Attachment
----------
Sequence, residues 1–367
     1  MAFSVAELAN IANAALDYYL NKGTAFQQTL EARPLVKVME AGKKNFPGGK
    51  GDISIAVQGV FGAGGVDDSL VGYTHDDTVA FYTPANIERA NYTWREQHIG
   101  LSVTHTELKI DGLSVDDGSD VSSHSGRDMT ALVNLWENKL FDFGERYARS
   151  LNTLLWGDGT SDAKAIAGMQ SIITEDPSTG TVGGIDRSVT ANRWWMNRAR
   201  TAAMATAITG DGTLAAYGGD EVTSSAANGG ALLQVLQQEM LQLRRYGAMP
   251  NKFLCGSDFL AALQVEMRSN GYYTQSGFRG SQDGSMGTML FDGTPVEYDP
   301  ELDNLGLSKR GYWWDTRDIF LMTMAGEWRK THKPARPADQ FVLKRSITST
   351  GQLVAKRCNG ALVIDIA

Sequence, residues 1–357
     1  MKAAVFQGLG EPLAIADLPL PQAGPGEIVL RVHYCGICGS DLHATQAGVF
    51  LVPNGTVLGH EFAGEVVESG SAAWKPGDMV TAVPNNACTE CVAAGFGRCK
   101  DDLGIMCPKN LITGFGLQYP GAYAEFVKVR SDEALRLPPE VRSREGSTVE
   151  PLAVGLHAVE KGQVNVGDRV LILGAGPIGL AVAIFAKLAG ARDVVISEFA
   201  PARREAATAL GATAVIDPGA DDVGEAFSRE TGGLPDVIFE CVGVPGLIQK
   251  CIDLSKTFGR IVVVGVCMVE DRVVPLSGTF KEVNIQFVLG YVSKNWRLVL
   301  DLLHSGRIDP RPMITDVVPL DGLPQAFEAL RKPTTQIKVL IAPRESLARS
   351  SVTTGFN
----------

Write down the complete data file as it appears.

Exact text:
Sequence, residues 1–367
     1  MAFSVAELAN IANAALDYYL NKGTAFQQTL EARPLVKVME AGKKNFPGGK
    51  GDISIAVQGV FGAGGVDDSL VGYTHDDTVA FYTPANIERA NYTWREQHIG
   101  LSVTHTELKI DGLSVDDGSD VSSHSGRDMT ALVNLWENKL FDFGERYARS
   151  LNTLLWGDGT SDAKAIAGMQ SIITEDPSTG TVGGIDRSVT ANRWWMNRAR
   201  TAAMATAITG DGTLAAYGGD EVTSSAANGG ALLQVLQQEM LQLRRYGAMP
   251  NKFLCGSDFL AALQVEMRSN GYYTQSGFRG SQDGSMGTML FDGTPVEYDP
   301  ELDNLGLSKR GYWWDTRDIF LMTMAGEWRK THKPARPADQ FVLKRSITST
   351  GQLVAKRCNG ALVIDIA

Sequence, residues 1–357
     1  MKAAVFQGLG EPLAIADLPL PQAGPGEIVL RVHYCGICGS DLHATQAGVF
    51  LVPNGTVLGH EFAGEVVESG SAAWKPGDMV TAVPNNACTE CVAAGFGRCK
   101  DDLGIMCPKN LITGFGLQYP GAYAEFVKVR SDEALRLPPE VRSREGSTVE
   151  PLAVGLHAVE KGQVNVGDRV LILGAGPIGL AVAIFAKLAG ARDVVISEFA
   201  PARREAATAL GATAVIDPGA DDVGEAFSRE TGGLPDVIFE CVGVPGLIQK
   251  CIDLSKTFGR IVVVGVCMVE DRVVPLSGTF KEVNIQFVLG YVSKNWRLVL
   301  DLLHSGRIDP RPMITDVVPL DGLPQAFEAL RKPTTQIKVL IAPRESLARS
   351  SVTTGFN